From JDSupra, Richard Reibstein reports that an Illinois judge said that the client of a staffing company was entitled to the benefit of an arbitration clause. The workers sued the client alleging they were misclassified as independent contractors but the client moved to compel arbitration and the judge agreed with the client. Richard writes:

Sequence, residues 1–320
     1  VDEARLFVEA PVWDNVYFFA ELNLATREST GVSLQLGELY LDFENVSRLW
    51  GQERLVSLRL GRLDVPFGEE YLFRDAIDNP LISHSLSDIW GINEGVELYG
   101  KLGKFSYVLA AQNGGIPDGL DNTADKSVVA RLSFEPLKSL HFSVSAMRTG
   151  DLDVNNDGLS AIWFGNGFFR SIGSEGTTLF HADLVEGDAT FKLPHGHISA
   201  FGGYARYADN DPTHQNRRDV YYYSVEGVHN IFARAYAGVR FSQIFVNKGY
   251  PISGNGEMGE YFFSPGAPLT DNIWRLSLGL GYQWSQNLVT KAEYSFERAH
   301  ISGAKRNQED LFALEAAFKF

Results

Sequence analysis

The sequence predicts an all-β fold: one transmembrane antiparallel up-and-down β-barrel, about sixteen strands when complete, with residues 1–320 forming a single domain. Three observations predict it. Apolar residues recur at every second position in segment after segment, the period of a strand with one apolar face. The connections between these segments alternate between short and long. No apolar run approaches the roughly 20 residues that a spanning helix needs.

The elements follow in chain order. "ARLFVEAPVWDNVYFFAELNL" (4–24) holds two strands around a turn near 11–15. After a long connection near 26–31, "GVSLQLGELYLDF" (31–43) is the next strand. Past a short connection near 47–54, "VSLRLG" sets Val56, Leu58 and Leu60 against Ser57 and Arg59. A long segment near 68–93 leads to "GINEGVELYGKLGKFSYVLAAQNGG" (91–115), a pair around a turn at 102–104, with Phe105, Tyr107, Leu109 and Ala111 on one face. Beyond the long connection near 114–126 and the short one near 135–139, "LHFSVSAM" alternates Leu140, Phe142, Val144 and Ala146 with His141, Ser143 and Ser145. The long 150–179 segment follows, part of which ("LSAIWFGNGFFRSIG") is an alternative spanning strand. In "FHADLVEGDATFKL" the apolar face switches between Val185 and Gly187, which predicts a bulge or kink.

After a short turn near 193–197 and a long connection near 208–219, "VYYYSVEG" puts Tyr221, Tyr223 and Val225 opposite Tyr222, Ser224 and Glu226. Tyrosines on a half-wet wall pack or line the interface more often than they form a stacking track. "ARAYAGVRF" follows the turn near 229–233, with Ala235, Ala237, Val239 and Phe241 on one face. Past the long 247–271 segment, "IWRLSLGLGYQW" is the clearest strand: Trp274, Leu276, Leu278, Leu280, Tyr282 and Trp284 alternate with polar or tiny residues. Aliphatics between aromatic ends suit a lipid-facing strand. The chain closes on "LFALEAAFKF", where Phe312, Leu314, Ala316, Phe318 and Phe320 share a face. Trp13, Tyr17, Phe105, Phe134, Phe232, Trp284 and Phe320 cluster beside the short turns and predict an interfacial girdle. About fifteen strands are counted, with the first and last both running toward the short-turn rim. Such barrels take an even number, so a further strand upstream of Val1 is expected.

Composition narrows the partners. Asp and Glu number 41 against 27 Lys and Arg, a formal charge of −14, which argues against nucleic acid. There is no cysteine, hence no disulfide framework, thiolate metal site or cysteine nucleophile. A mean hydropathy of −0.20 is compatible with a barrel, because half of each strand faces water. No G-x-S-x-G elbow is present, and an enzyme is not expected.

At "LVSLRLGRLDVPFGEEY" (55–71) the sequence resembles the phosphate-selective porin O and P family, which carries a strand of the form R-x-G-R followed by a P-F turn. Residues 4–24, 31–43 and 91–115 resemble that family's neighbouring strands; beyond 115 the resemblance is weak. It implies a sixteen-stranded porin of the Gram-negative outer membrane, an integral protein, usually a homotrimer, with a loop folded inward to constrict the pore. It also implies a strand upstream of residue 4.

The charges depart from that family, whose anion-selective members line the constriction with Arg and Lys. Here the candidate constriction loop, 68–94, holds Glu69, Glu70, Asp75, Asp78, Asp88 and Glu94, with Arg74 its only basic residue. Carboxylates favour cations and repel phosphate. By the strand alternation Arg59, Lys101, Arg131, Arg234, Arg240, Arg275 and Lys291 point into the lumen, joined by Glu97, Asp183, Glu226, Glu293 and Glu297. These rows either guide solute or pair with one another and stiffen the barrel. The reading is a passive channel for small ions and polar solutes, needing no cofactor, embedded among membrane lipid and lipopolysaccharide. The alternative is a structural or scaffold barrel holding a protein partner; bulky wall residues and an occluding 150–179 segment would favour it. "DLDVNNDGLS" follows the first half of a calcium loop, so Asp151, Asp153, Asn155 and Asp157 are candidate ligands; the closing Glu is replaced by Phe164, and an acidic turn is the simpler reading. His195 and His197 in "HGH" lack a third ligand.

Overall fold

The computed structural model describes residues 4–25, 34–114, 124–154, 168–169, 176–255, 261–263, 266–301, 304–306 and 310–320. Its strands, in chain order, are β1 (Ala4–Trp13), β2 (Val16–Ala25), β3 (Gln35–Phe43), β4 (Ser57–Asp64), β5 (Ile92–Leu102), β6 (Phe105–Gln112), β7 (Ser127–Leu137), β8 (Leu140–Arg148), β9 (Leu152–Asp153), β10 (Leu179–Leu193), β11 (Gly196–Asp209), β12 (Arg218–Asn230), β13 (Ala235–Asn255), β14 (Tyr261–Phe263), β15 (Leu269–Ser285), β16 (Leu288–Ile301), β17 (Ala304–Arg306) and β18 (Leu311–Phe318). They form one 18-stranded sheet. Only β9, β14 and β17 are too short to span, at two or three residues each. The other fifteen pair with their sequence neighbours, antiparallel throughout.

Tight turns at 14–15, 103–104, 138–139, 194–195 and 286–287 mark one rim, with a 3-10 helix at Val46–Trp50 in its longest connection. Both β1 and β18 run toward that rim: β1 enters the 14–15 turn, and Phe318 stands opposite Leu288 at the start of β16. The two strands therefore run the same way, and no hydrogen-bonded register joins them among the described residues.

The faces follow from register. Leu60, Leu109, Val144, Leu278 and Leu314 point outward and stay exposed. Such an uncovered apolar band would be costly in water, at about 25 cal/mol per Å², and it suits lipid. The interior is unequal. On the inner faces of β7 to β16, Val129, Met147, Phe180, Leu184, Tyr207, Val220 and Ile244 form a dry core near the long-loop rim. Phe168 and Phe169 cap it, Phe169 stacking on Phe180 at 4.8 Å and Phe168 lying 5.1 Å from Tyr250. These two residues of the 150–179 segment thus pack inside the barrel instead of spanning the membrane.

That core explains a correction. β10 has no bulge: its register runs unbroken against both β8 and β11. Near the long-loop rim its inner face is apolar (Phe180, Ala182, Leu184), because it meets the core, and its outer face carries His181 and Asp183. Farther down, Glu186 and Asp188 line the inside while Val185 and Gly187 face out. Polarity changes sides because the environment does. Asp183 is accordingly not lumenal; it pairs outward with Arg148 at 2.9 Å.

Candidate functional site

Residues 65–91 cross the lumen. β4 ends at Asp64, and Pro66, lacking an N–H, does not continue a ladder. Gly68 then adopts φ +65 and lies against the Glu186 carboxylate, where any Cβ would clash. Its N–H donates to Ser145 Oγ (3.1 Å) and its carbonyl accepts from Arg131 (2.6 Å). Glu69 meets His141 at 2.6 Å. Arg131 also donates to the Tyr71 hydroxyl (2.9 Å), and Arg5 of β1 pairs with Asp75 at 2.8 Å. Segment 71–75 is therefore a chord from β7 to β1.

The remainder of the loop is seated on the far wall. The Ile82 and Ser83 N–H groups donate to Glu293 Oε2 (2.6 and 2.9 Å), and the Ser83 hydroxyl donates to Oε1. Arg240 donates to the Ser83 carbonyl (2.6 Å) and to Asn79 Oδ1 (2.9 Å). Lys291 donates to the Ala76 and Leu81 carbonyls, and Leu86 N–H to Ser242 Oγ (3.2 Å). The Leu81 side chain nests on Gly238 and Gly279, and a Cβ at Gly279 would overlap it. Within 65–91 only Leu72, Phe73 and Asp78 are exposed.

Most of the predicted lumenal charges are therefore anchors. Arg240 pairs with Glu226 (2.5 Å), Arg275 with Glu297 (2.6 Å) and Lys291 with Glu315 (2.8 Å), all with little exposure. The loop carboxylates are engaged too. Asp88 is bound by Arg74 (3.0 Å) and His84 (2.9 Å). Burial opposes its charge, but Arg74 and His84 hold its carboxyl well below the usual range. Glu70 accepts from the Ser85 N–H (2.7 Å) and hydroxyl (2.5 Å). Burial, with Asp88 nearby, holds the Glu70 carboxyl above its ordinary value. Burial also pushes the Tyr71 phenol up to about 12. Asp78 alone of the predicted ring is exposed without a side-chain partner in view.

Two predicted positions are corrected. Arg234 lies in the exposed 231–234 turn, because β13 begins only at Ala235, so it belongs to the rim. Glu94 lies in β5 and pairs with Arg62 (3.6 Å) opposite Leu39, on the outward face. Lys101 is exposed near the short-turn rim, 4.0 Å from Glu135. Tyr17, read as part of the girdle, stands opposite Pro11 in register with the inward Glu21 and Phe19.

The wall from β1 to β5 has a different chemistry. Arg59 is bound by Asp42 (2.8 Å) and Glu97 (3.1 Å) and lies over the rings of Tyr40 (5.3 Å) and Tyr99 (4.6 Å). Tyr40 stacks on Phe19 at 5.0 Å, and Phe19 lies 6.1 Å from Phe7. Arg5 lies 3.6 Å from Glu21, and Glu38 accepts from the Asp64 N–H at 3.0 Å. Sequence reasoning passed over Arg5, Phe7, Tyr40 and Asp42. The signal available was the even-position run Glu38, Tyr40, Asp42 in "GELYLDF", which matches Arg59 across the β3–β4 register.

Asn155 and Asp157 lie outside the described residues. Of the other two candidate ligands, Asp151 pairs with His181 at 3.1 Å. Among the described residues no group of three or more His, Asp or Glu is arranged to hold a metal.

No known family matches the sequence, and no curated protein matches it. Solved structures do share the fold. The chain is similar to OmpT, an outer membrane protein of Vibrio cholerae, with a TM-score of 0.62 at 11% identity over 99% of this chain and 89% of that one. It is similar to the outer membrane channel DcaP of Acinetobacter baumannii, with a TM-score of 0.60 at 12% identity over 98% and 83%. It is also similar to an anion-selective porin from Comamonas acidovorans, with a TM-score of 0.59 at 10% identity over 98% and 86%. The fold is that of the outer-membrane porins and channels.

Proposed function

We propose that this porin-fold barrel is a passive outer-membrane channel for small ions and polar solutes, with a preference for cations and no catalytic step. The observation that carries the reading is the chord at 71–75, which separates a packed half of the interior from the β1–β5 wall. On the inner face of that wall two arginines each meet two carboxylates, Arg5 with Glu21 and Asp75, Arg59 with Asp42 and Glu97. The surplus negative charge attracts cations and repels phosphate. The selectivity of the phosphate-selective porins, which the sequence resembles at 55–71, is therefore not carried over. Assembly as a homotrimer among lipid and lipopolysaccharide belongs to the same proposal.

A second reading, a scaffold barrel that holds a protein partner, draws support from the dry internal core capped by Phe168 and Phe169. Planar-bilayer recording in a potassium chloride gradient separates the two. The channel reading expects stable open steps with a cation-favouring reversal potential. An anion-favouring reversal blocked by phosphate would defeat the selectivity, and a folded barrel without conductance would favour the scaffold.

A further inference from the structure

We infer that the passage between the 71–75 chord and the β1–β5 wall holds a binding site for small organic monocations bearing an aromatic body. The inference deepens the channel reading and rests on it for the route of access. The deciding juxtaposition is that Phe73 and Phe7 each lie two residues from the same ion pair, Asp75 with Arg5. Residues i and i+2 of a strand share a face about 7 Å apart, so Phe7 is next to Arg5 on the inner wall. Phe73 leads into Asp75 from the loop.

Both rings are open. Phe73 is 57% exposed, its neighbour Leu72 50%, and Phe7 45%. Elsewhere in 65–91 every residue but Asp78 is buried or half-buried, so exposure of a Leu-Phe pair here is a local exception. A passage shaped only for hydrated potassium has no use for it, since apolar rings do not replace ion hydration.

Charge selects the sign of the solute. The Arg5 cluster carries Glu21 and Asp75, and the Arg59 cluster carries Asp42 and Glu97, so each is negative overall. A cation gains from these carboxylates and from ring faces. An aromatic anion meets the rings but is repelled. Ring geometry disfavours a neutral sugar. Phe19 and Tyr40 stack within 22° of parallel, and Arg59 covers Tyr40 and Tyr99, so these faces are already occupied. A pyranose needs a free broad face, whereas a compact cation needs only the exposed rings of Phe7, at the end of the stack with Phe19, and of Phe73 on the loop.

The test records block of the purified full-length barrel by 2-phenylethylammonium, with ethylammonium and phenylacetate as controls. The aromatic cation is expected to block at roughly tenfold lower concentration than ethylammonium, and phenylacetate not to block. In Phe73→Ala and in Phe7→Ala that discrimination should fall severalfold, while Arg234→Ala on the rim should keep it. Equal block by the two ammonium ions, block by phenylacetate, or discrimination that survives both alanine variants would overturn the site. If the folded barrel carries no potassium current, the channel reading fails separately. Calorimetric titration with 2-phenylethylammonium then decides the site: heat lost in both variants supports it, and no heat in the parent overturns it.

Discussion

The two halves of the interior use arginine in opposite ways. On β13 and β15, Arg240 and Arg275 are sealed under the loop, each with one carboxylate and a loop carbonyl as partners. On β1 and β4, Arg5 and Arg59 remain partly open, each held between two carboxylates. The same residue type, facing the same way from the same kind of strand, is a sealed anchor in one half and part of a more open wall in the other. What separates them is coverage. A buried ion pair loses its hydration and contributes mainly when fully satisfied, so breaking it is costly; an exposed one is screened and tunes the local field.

An Illinois federal court granted a motion to compel arbitration of the IC misclassification claims by drivers who provided services to automotive parts distributor, Worldpac Inc., even though Worldpac was not a party to the IC agreement. The drivers alleged that Worldpac, which used staffing company Partsfleet to contract with drivers needed by Worldpac to deliver the auto parts to its customers, violated overtime and minimum wage provisions of the FLSA and various state and local laws due to misclassification of the drivers as independent contractors. The drivers did not sue Partsfleet but rather Worldpac, presumably hoping to avoid being compelled to arbitrate their claims under the arbitration provisions contained in the Partsfleet IC agreement. In response to Worldpac’s motion to compel arbitration, the drivers argued that they were not obligated to arbitrate their claims because Worldpac was not covered by the agreement. The court disagreed with the drivers, holding that Worldpac, as a third party/intended beneficiary to the agreement, was entitled to enforce the arbitration provision, which stated that it was intended to apply to all controversies involving the staffing company “or its customers.” Brown v. Worldpac, Inc., 17 CV 6396 (N.D. Ill. Feb. 1, 2018).